Director: Ben Wheatley
Free Fire is the latest film from young British director Ben Wheatley and his partner Amy Jump, the pair of whom you might recognise from films such as High Rise, Kill List and Sightseers. It’s set in 70s Boston, in a warehouse where an illicit gun deal is going down between a delegation of IRA men and a South African gun runner, all under the eyes of a pair of American fixers. Things don’t go to plan, a couple of junior hotheads kick off, the situation escalates quickly, and before you know it the entire last hour of a 90 minute film is a manic 12-way shootout, with everyone trying to escape with a bag of money while making sure nobody else does.
This could have been one big injoke, a pub discussion taken too far, but it works, largely down to some great editing that establishes the location brilliantly, and a sharp script that establishes and defines each character well. Building on that, Wheatley has assembled a great cast to inhabit the characters. Armie Hammer’s ice cool fixer dude is very entertaining, the Irish contingent of Cillian Murphy and Michael Smiley (who will always be Tyres out of Spaced to me) are both menacing and authentically seventies dowdy, but it’s Sharlto Copley as the vain and cocky, yet ultimately ineffectual, Vern who steals the movie. Yes, criminals turning on each other in a warehouse is always going to make you think of Reservoir Dogs, but this has a very different feel. Where Tarantino is interested in the glamour and allure of crime movies, Wheatley is much more concerned with the basic stupidity of his protagonists. Bullets fly everywhere, plenty of wounds are taken, people are killed, and the whole thing could have been so easily avoided or curtailed by a little bit of sense. And those wounds! There are no Hollywood graceful dying falls here – by the final scenes, almost every survivor has been hit several times and is crawling round on his belly grimacing while ricochets zing around above their heads.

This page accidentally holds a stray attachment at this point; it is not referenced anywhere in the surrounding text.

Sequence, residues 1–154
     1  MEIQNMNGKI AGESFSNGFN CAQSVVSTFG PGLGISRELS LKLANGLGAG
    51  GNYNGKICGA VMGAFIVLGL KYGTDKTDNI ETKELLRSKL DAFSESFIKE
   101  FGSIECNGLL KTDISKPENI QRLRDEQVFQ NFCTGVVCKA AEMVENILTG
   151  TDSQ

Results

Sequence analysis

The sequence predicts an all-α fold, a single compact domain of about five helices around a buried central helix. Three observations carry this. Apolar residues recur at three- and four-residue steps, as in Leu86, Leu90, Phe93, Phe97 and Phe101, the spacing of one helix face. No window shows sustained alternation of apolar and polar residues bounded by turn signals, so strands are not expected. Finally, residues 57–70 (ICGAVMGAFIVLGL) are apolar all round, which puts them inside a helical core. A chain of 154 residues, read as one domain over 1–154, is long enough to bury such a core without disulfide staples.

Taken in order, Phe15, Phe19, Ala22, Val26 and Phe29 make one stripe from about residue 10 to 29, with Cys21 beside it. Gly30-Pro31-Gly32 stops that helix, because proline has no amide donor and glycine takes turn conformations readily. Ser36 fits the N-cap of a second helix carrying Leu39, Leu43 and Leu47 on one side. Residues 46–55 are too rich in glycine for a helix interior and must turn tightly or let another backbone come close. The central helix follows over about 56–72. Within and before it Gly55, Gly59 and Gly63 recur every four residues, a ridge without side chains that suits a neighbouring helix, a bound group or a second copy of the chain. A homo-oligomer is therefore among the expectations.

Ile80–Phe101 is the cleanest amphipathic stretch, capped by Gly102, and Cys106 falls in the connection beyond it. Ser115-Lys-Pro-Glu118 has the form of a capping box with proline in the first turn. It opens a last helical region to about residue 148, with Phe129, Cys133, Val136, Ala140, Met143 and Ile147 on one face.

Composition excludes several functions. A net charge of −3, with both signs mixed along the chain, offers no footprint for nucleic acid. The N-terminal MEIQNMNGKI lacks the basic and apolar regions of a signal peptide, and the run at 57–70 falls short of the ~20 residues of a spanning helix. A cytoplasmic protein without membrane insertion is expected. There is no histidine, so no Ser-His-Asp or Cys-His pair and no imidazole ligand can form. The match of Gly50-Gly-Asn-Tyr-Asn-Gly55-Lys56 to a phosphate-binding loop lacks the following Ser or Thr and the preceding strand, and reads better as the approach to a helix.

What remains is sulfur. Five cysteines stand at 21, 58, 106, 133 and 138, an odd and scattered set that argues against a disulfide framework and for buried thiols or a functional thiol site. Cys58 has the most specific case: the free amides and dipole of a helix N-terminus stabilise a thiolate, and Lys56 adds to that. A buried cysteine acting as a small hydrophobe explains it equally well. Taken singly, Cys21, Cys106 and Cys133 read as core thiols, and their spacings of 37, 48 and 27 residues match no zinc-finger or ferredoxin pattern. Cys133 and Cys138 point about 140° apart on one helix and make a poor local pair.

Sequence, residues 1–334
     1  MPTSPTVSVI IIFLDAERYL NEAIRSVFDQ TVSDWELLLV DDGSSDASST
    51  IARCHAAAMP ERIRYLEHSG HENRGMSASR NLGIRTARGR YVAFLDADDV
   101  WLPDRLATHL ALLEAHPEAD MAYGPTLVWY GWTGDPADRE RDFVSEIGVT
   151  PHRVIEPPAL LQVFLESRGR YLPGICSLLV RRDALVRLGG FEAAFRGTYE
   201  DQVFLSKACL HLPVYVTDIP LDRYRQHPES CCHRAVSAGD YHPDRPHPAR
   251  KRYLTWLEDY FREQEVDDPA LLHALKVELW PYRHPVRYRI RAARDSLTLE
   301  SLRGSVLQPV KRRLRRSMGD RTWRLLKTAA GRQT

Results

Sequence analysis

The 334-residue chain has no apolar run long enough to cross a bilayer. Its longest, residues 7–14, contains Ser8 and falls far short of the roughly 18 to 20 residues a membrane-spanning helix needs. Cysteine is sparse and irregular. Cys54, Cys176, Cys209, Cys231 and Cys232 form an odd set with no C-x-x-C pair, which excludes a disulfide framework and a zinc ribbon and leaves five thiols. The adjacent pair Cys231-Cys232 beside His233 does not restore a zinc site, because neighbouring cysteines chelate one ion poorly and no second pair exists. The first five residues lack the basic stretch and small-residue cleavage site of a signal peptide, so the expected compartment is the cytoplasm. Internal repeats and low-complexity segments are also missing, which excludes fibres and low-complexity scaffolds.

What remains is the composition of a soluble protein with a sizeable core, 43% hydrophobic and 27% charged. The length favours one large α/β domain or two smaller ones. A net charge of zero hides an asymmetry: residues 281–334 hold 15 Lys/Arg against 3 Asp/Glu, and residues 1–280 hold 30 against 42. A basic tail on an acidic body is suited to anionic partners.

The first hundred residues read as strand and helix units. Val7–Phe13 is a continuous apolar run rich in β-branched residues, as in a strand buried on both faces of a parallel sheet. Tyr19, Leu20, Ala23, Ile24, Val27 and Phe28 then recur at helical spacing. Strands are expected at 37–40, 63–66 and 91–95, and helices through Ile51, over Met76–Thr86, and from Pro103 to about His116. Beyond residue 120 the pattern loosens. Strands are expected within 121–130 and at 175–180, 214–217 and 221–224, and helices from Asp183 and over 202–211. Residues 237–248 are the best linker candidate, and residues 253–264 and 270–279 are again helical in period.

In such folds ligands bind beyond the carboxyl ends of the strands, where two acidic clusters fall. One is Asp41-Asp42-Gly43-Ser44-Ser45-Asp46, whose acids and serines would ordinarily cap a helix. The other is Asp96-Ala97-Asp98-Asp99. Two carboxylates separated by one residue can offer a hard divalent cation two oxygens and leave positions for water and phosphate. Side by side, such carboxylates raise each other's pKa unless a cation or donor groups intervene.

It is very violent but just as importantly it’s also very funny (as long as black comedy is your thing), like Looney Tunes for grown-ups. It’s not reinventing anything, and there won’t be a string of copycat films in its wake, but it is terrific fun.
Might appeal to people who enjoyed:
Assault On Precinct 13, The Wild Bunch,